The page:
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Clojure's Approach to Polymorphism: Method Dispatch

  • April 26, 2010
  • By Amit Rathore
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The word polymorphism derives from Greek where poly means many and morph means form. In programming languages, polymorphism is the idea that values of different data-types can be treated in "the same" way. Often, this is manifested via class inheritance where classes in a hierarchy can have methods of the same name. When such a method is called on an object, the correct code is executed at runtime depending on which specific class the object is an instance of. There are various ways of achieving polymorphic behavior, however, and inheritance is only one such way.

This article helps to understand how Clojure approaches polymorphism. We'll start by looking at method dispatch -- starting with the commonly available single dispatch, followed by double and multiple dispatch. The mechanism of dynamic method dispatch is a fancy way of saying that a when a method is called, the name of the method is mapped to a concrete implementation at runtime.

This article is an excerpt from an Early Access Edition of the book "Clojure in Action" (Manning Publications; ISBN: 9781935182597), written by Amit Rathore.

Single and Double Dispatch

Languages such as Java only support single dispatch. What this means is that the type of receiver (the object on which a method is called) is the only thing that determines which method is executed. To understand this and the next couple of paragraphs, we'll use a commonly cited but well-suited example of a program that needs to process an abstract syntax tree (AST). Let's imagine our AST is implemented in a Java-like OO language and is modeled via classes shown in Figure 1.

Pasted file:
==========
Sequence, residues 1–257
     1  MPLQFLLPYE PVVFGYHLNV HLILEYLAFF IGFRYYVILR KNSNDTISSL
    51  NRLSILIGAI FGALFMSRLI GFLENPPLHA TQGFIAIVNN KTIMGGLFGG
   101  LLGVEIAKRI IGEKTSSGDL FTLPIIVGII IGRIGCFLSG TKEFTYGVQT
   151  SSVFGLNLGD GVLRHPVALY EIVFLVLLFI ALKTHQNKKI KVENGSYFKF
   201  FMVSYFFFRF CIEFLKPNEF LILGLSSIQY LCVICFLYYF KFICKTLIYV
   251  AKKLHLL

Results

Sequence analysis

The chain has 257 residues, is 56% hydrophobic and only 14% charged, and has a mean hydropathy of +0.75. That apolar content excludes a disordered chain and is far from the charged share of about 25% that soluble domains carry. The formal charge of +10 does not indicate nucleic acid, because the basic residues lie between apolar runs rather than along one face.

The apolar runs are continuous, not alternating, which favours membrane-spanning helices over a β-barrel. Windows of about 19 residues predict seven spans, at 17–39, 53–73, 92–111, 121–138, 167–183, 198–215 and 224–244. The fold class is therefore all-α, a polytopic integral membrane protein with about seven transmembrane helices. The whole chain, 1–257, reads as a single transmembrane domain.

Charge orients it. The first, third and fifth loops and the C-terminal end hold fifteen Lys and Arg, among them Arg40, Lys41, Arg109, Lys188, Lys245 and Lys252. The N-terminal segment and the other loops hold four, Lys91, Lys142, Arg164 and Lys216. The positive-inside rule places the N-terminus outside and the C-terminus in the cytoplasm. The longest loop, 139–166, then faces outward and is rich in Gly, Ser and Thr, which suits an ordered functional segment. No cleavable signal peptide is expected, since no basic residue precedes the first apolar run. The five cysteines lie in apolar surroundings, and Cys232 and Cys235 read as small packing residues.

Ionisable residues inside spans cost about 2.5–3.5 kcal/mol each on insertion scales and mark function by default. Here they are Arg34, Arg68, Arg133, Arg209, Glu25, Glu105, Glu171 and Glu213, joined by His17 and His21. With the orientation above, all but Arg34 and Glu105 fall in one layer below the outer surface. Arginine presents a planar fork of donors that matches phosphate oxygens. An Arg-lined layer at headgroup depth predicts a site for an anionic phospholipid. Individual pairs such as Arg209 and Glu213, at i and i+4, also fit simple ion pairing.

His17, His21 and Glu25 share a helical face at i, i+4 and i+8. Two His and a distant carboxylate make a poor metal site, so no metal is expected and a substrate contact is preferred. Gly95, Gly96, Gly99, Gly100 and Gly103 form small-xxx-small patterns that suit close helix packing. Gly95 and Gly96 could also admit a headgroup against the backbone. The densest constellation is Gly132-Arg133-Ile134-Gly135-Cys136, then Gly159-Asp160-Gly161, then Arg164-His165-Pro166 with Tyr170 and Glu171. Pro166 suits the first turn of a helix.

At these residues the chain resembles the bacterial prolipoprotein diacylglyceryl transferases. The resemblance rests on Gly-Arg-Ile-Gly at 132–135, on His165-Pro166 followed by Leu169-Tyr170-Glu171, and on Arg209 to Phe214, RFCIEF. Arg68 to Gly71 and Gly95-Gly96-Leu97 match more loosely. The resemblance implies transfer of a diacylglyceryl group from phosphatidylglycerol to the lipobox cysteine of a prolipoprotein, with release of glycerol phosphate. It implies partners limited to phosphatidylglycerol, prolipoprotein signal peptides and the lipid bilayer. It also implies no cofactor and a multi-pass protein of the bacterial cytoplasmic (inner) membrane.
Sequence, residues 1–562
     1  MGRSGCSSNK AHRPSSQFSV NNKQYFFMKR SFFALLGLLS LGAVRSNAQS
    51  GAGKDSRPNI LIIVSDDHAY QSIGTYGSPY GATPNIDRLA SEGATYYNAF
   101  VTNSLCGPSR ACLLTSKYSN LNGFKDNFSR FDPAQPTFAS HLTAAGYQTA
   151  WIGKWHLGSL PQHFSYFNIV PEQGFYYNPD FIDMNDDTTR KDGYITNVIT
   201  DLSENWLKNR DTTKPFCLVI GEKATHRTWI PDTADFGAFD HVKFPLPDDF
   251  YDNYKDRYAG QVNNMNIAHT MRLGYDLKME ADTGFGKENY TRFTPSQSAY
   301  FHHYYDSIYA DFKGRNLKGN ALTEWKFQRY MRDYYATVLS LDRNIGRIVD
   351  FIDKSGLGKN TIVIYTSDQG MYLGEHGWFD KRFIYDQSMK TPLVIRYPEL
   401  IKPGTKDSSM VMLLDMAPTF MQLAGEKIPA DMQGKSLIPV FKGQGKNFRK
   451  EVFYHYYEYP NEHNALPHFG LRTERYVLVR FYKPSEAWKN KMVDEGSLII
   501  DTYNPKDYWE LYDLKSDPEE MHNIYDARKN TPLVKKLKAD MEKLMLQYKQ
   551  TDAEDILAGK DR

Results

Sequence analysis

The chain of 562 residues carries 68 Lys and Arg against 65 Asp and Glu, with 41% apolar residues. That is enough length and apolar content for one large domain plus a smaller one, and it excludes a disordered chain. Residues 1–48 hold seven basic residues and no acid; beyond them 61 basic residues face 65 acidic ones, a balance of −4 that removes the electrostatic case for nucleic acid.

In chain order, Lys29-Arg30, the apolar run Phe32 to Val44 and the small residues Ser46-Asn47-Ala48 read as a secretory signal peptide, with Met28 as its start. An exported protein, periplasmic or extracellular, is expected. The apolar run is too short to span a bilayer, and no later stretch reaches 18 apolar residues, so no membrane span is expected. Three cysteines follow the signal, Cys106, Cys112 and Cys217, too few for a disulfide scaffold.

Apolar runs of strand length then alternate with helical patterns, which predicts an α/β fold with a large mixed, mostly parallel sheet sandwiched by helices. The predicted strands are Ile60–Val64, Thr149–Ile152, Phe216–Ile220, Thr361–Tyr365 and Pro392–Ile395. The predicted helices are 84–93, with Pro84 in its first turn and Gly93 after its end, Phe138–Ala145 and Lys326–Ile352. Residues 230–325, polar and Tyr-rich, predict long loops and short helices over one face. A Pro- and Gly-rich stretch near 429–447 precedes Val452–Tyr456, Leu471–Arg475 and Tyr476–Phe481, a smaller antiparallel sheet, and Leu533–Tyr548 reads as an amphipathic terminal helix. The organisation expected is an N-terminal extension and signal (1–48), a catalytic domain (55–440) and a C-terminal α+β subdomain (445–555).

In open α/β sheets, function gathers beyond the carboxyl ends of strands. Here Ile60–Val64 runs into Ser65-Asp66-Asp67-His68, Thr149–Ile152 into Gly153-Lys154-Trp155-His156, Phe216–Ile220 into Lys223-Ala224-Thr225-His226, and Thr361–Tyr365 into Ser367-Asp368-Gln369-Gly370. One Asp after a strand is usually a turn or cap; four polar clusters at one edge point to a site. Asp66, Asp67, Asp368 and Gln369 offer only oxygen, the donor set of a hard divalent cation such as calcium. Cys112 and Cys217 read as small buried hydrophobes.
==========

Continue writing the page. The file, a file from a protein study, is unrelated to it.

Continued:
Polymorphism in Clojure: Method Dispatch
Figure 1. A simplistic hierarchy representing an AST. Each node is a subclass of a generic SyntaxNode and has functions for various tasks a compiler or IDE might perform.

When the IDE needs to format the source code represented by such an AST, it calls format on the it. Internally, the AST delegates the format call to each component in a typical composite fashion. This walks the tree and ultimately calls format on each node in the AST.

This is straightforward enough. The way this works is that, even though the AST is made up of different kinds of concrete nodes, the operation format is defined in the generic base class and is called using a reference to that base class. Dynamically, the receiver type is determined and the appropriate method is executed. If any of these methods were to accept arguments, the types of those would not influence the determination of which method that needs to execute.

Single dispatch leads to possibly unexpected situations. For instance, consider the following code defined inside some sort of Receiver class.

public void collectSound(Dog d) {
  recordBark(d);
}  

public void collectSound(Cat c) {
  recordMeow(c);
}


Now imagine we had a collection of Animal objects (specifically, a collection of instances of Dog and Cat). The following code would not even compile:

for (Object element: animals) {
  Animal animal = (Animal) element;
  receiver.collectSound(animal);
}